Moncrieffe sees successful mentoring as working in two distinct ways. It helps empower the individual, but it is equally important for the employer as well. “We are not just trying to enrich the individual, but also the place where they work as well,” he says.
Lucy Marcuson at the Drinks Trust adds: “We will see a lot more businesses training their teams and introducing D&I initiatives. There has in the past been a real anxiety around the right way to approach D&I. Now they can work with Equal Measures for the training and support they need. That’s when we saw what Deano and Hannah were doing and were so keen to get involved. The Drinks Trust is all about up-skilling and supporting people in different ways that we can.”
- You can read a profile on what Equal Measures does and its goals for 2022 on The Buyer in the new year.
Taking real action on climate change
The wine industry was urged, in no uncertain terms, in 2021 to wake up to its “climate change emergency” and to collectively and individually do more to run more sustainable businesses by the The International Wineries for Climate Action (IWCA) group, founded by Familia Torres in Spain and the Jackson Family in California.
The group was not started in 2021 but this was the year it made a real breakthrough by becoming the only agriculturally focused body to be accepted into the United Nations Race to Zero campaign. It has given it the credibility and the position to use that influence to urge more producers to not only sign up to what it is doing, but to make personal pledges and steps of their own.
2022 is the year when the wine and wider drinks industry needs to stop talking and sitting on the fence on climate change and take real action. Stop making pledges but deliver real action.
The IWCA has got the bit between its teeth and is urging more producers to do the same. It hosted a joint press conference with the United Nations in the UK in October to coincide with the COP26 global climate change conference to set out what it believes needs to be done. The chance for Miguel Torres of Familia Torres, Rob Symington of Symington Family Estates to share a platform with the UN to get its key messages across.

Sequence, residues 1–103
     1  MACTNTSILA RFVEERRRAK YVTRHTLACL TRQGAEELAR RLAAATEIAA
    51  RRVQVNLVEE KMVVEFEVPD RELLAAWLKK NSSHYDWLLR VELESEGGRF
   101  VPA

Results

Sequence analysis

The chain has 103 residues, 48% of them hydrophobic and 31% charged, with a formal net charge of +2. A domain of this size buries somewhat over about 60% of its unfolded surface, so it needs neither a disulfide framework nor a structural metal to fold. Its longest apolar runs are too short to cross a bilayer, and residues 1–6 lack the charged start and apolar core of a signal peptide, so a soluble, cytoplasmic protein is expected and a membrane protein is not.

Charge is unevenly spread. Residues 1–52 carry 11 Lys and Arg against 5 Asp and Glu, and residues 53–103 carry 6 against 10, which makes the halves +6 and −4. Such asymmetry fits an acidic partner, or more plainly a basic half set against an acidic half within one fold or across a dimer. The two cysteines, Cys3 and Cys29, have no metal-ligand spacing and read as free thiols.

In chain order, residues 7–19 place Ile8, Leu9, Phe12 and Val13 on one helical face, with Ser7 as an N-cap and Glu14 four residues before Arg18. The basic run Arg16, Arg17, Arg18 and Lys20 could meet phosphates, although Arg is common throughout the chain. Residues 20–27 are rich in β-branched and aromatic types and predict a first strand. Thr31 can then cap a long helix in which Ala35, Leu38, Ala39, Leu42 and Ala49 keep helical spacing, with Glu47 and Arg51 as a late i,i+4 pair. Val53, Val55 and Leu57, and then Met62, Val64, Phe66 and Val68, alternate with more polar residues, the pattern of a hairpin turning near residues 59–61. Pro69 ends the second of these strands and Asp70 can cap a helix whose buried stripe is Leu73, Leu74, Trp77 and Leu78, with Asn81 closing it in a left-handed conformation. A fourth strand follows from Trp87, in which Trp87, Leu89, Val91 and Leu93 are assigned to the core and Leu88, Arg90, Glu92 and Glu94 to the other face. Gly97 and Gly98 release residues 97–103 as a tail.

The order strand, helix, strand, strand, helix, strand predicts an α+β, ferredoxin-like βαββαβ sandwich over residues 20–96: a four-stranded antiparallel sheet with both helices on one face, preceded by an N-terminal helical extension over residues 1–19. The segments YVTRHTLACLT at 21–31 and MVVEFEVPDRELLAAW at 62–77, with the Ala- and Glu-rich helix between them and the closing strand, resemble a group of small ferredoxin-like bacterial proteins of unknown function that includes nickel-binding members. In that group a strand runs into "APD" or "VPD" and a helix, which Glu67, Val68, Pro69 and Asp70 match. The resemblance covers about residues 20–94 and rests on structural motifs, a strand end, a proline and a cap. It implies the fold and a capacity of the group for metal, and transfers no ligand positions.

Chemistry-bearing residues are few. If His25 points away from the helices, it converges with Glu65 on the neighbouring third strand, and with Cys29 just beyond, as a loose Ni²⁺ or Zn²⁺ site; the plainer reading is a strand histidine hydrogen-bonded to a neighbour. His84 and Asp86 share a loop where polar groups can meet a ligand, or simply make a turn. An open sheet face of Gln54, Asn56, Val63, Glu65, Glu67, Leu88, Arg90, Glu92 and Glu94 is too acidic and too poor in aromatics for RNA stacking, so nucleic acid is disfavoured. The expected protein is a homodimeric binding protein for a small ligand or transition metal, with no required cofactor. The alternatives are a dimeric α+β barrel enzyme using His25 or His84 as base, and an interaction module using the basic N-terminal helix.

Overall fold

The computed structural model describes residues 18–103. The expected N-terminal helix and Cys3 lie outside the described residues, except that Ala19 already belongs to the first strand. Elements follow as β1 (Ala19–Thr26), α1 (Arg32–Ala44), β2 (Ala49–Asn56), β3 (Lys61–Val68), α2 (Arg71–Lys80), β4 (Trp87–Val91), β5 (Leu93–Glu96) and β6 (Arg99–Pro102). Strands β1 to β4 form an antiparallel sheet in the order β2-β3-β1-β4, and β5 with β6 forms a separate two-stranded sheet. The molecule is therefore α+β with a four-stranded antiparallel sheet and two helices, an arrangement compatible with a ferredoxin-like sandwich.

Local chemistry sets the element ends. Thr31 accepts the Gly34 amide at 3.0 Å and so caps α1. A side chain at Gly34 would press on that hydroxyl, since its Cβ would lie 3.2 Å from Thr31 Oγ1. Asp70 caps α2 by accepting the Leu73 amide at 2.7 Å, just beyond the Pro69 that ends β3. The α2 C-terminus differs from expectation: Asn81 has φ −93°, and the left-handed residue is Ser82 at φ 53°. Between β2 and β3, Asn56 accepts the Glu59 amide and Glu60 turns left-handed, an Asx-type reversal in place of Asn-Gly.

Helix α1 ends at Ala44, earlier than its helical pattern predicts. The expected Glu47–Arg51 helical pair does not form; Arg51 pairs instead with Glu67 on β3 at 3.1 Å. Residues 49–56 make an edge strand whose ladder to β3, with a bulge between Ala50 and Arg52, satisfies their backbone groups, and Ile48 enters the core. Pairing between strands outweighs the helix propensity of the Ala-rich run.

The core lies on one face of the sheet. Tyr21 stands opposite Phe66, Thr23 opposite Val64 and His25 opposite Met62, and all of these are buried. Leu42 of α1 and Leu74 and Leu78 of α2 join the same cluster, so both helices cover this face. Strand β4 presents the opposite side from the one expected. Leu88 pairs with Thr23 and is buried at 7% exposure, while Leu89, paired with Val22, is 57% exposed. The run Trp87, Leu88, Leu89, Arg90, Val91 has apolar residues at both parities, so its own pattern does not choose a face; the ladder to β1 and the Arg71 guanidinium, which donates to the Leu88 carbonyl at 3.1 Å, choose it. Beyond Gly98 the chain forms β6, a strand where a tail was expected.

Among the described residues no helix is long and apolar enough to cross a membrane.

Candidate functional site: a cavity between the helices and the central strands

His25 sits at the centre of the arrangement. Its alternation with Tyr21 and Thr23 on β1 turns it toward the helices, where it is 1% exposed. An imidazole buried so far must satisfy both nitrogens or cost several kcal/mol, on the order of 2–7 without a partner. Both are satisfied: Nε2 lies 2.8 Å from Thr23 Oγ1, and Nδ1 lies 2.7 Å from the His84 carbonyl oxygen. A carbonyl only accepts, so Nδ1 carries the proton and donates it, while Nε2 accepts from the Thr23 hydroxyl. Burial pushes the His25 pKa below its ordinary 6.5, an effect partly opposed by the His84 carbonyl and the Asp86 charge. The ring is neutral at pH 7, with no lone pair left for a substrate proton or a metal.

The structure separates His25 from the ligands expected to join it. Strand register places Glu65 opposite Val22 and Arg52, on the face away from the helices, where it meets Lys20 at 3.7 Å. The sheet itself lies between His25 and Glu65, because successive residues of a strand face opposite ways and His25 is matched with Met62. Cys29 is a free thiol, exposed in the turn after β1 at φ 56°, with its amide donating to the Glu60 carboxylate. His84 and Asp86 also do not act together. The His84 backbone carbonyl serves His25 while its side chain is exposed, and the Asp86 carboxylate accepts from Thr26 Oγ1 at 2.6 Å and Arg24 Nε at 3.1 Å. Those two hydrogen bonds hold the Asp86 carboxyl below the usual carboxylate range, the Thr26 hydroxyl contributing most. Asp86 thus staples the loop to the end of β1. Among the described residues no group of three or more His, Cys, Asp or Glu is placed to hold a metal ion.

Noticeably Fiona Macklin, part of the UN Race to Zero team, stressed how important it was to have such a high profile consumer product as wine as part of its wider attempts to get leaders from across industry sectors, cities, regions and investment bodies to work together to hit short, medium and long term carbon neutral goals.
Wine, she added, can “help bridge that gap” between the consumer and industry as they can relate to the people behind the bottle of wine they are drinking. “Wine can provide real leadership in this space,” she said. “It can play a critical role in the behavioural changes that consumers make.”
Symington said there was still very much a need for a “cultural change” to take place in many, particularly traditional, parts of the wine industry. “We are used to profit and loss, marketing and sales strategies and strategic plans. This is taking us outside our comfort zone in the wine trade,” he said.
The IWCA hopes to play its part by setting the examples, providing the benchmarks, and establishing the standards and protocols that wineries, big or small, can take. Measures that crucially will be supported by evidence and fact-based research that prove they work.
Symington said there were two key questions any wine producer serious about doing anything to combat climate change: Are you recording and analysing your end-to-end carbon footprint and emissions right through your own supply chain, including your suppliers and customers? Then how are you measuring that in a way that allows you to know and understand whether the changes you are making are having any credible impact.
If you are not doing those two things, side by side, then a lot of the steps being taken by producers are effectively negated, claimed Symington.
Yet only 10 producers have formally joined the IWCA. What’s stopping others doing so? Why are not major drinks companies being called out for their lack of public action on the issue?